Friday, 13 January 2012

Timeline Pitfalls to Avoid - 2012 CMA Case Exam

One of the biggest concerns while writing the 2012 CMA Case Exam is the four hour time limit. Everyone could get an AE if they had the weekend to do the case exam but you are limited to 4 hours during which you need to read the case, analyze the information, compute ratios, alternatives, constraints, financing limitations, and pro-forma as well as compose a solid case report to display it all. A lot of students get caught up in certain case aspects and spend a disproportional amount of time on it (disproportional to the amount of marks that can be obtained in that section).

I have observed that most students spend a lot of time doing the situational analysis as well as the quantitative analysis. While both are important, spending 3 hours on an NPV calculation leaves little time to the rest of the report, and there is a limit on how many marks you can get for the perfect NPV. The key is for the effort and time to be appropriate and balanced. To achieve this, I recommend using the following timeline that allows for an adequate and appropriate amount of time on each category.

Suggested timeline that worked for me and others:
  1. Reading Additional Info & Situational Analysis (SWOT, constraints, Ratios, etc.) – 75 minutes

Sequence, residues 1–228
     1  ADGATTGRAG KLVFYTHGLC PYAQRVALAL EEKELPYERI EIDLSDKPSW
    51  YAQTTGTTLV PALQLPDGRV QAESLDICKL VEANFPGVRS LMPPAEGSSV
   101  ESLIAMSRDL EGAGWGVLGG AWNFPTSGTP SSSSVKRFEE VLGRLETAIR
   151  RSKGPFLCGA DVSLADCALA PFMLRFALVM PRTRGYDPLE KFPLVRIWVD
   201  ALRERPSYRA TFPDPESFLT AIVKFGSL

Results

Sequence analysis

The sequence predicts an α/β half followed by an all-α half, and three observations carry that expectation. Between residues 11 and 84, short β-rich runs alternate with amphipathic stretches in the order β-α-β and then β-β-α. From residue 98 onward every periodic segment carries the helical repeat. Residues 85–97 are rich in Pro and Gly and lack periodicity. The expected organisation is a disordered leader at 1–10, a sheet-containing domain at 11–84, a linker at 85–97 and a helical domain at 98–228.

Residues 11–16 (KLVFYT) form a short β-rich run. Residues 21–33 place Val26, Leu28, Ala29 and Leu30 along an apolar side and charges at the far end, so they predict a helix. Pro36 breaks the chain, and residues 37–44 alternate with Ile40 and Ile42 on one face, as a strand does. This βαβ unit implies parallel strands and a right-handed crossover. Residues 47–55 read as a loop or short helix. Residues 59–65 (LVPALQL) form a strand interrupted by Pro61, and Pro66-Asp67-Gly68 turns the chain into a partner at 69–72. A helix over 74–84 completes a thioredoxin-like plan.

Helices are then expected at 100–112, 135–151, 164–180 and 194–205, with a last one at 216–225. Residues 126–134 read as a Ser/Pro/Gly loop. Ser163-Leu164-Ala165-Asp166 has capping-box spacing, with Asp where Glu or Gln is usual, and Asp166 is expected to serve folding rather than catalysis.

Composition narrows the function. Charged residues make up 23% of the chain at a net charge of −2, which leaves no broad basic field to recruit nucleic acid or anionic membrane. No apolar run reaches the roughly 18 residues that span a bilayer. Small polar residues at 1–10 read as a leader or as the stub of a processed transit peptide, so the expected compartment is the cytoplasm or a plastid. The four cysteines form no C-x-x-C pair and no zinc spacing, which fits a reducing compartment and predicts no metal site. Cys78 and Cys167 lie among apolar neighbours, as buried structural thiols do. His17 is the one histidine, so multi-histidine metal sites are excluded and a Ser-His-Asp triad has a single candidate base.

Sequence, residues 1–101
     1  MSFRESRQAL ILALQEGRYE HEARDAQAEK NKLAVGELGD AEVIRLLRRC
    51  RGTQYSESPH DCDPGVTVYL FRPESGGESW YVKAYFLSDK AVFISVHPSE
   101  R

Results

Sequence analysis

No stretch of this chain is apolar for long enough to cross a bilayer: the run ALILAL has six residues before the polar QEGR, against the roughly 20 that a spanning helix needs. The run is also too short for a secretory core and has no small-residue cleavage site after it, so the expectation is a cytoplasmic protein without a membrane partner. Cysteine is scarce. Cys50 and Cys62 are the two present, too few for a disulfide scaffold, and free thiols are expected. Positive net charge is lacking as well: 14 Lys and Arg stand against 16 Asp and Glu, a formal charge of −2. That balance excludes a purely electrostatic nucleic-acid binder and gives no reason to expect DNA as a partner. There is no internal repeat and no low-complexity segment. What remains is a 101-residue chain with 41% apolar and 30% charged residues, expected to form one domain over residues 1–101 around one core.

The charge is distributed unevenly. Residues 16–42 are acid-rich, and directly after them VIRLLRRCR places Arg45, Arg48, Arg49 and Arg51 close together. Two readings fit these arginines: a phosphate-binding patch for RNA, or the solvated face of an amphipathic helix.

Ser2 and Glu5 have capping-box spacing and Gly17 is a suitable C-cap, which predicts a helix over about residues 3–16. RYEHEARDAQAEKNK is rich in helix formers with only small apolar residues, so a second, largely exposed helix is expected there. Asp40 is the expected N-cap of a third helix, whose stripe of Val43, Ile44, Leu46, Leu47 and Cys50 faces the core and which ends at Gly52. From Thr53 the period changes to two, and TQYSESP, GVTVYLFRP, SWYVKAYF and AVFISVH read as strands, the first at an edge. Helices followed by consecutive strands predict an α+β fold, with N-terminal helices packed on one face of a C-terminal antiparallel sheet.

2. Identification and Analysis of Strategic alternatives (Pros, Cons, NPV, etc.) – 75 minutes (no more than 45 out of these 75 minutes should be spent on calculations for alternatives)
  3. Strategic recommendations – 30 minutes
  4. Operational issues – 20 minutes
  5. Implementation plan – 20 minutes
  6. Intro/conclusion/cover page/executive summary/overall review – 20 minutes
Let me know if you have specific questions about the timeline. I plan on posting in more detail about each of these case sections in the future.

Image: Arvind Balaraman /


  1. If we are only supposed to spend 45 minutes on calculations of alternatives how can we get it done right with all the case facts incorporated, the audit trail provided and have it all nice and accurate?

    1. In my SLP class, for the last practice case we had several students who got AE/ME+ and each had a completely different # for the npv for the alternatives... some had a positive npv others negative.. but they all passed the practice case with a great mark so i guess its not that important.

  2. Hi Jen, The goal should not be to get it perfect (that is just impossible given the time constraints). Aim for reasonable and appropriate. Make sure you apply the NPV concept properly, use simplifying assumptions and incorporate the key information and figures provided in the case and you should be fine. Spending twice as much time just to get it 'perfect' will not earn you that much more points but you will end up missing another part of the report and losing significant marks there.

    When doing a quantitative analysis for alternatives keep in mind the following:
    - It is ok to make some simplifying assumptions
    - Make sure that you apply the concepts properly (i.e. for NPV calculations remember the following components - incremental after tax cash flows, salvage value, tax shield, tax shield lost on salvage, etc.)
    - The resulting NPV should not be an outrageously large/small
    - The CMA Case Exam is structured in such a way that there is room for ambiguity and assumptions need to be made. This is intentional as they are testing your ability to apply logic and make reasonable assumptions, not your ability to get a perfect NPV